WARNING: VERY LONG BLOG!
Well, this was a hell of a week! After a relatively quiet winter, things have picked up on the culture front.
Last Tuesday, we were off to the lovely Theatre Royal Stratford East to see the new version of Oh! What a Lovely War. I do hate musicals with a passion and would have to be dragged to one kicking and screaming, but I knew that this one would be different.
Highly satirical and poignant, it highlights the absurdity of the "war game(s)" and that of the military - not forgetting how naive the civilian population can sometimes be. The play has been visually freshened up and you have to admire the cast's energy and hard work. Note to Michael Gove: maybe you should have shut up before you criticised the play as you now appear at the beginning of it paired up with a donkey... Just sayin'...
For a more comprehensive review of the show, go to my partner's Matt ArtPix's BLOG - he has been studying WW1 for years and is better placed than me to give his opinion about the show.
On Wednesday, we were off to a venue we had never been to, Village Underground in Shoreditch, to see the infamous Laibach - whom we have seen before on numerous occasions! The Slovakian "avant-garde" art collective - whose main body of work concentrates on the links and interaction between ideology and culture - keep reinventing themselves with each project; their latest one, Spectre, is a brilliant, addictive collection of multi-layered tracks sung in English - a bit less industrial, a little bit more electro, with "quasi-pop" moments...
Laibach have always been exceptional live and tonight's sold out gig didn't disappoint: the background visuals were striking; the live drums added impact to each and every track; Milan's presence was as impressive and authoritative as ever, his deep-seated, sonorous voice counter-balanced by the mysterious and charismatic Mina Spiler's clear, pitch-perfect vocals. Mina's place within the band has really grown; she now fully shares vocal duties with Milan (she is also given writing credits in Spectre) and exudes the confidence and attitude necessary for such a performance (she fronts her own band, Melodrom).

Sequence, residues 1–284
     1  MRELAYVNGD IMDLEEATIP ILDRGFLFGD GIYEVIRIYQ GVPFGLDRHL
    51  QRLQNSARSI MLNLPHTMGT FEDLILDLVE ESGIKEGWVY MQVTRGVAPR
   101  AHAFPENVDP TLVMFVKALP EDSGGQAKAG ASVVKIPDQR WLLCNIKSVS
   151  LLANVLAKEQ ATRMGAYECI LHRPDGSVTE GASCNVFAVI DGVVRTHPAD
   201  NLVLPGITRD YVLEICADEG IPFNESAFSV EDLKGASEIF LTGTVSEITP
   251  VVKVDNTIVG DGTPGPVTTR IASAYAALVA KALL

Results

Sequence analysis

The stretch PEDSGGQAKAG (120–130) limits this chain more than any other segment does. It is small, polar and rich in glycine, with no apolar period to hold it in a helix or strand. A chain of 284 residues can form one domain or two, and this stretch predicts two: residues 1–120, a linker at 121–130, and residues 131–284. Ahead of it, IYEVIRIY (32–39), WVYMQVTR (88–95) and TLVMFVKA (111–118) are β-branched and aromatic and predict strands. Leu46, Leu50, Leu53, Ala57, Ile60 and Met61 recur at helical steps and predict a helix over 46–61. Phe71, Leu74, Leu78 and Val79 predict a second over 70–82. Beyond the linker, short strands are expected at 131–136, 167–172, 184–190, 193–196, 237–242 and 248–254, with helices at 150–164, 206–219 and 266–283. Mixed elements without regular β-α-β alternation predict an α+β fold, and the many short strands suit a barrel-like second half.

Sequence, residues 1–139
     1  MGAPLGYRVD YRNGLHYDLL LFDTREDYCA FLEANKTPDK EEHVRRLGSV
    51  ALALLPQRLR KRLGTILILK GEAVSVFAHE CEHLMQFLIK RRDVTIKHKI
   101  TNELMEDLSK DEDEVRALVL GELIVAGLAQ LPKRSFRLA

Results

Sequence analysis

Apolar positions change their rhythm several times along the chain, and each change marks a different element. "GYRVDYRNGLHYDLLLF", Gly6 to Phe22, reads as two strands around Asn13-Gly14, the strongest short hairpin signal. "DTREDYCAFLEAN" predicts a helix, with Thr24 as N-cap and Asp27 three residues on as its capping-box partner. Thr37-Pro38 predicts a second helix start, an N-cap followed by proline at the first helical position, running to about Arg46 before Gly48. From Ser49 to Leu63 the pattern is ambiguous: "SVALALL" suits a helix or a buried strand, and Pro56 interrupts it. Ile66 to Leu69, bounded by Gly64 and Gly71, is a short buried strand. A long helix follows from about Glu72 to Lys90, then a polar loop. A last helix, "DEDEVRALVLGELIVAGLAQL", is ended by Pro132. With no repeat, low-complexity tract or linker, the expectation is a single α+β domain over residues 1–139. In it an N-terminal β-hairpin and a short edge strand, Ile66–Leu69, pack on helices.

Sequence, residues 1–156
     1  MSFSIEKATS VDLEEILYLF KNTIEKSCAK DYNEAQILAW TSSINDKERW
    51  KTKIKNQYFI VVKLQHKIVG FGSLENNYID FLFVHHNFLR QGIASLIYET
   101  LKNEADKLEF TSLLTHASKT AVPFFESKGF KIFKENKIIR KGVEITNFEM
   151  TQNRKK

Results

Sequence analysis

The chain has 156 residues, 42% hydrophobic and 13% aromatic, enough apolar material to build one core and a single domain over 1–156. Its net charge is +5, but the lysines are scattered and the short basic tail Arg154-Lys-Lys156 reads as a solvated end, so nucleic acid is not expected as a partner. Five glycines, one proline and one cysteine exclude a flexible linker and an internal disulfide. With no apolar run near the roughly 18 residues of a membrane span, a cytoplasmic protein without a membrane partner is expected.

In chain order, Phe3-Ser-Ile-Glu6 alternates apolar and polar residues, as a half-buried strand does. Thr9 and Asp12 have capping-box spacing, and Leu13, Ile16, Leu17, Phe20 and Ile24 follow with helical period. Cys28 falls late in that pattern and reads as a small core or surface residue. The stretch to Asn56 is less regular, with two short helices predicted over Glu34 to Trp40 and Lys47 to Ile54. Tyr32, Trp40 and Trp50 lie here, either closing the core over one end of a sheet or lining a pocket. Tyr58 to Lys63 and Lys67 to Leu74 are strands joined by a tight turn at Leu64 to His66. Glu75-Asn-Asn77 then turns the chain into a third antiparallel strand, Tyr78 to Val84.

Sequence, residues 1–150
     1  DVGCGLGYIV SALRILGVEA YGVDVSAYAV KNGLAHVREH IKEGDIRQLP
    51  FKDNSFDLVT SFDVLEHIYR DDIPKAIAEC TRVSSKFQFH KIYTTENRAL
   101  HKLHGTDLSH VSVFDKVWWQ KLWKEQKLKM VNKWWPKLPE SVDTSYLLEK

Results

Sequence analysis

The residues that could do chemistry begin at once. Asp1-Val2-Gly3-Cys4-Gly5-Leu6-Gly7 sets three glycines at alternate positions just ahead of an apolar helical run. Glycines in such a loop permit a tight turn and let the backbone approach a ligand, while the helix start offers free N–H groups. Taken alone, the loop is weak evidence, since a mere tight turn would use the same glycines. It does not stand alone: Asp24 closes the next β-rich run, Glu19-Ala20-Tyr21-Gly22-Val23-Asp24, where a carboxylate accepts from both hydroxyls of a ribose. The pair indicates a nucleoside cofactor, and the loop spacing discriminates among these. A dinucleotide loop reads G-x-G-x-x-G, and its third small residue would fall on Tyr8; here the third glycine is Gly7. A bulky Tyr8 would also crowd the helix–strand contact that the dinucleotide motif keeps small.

The first 45 minutes saw the band play the whole of Spectre, revealing the genius of the new songs to their attentive audience. Then after a 15 mn interval, we got something completely different: a few tracks from their Iron Sky soundtrack with the movie's stunning visuals playing on the screens behind; we were also treated to everyone's favourite, "Tanz Mit Laibach", and of course to a few deconstructed covers, including Dylan's "Ballad of a Thin Man" and Serge Gainsbourg's "Love On The Beat". As someone who absolutely loathe both individuals and their work, I was first taken aback by the choice of songs, but then I remembered that this is what Laibach do: they take the most absurd popular songs and give them the Laibach treatment: they redefine them entirely by reshaping and remodelling them through the industrial filter, injecting them with the harshness and the edge they never had and pumping a little bit of life into them. Fabulous.
Saturday, we were in London for the Classic car boot sale at Southbank, organised by Vintage By Hemingway. The weather was glorious and the place was packed with loads of cool and happy people, wonderful cars and jam-packed stalls; the atmosphere was lovely and the location iconic... What else is there to say?
Here are a few pictures!
We made a detour via The British Museum to get tickets for The Vikings exhibition... Yesss!
Then we ended up at The Barbican cinema to see Under The Skin...
I have been waiting to see this movie for MONTHS.
Michel Faber is my favourite author, and I really wondered how on earth his unforgettable novel could be turned into a movie.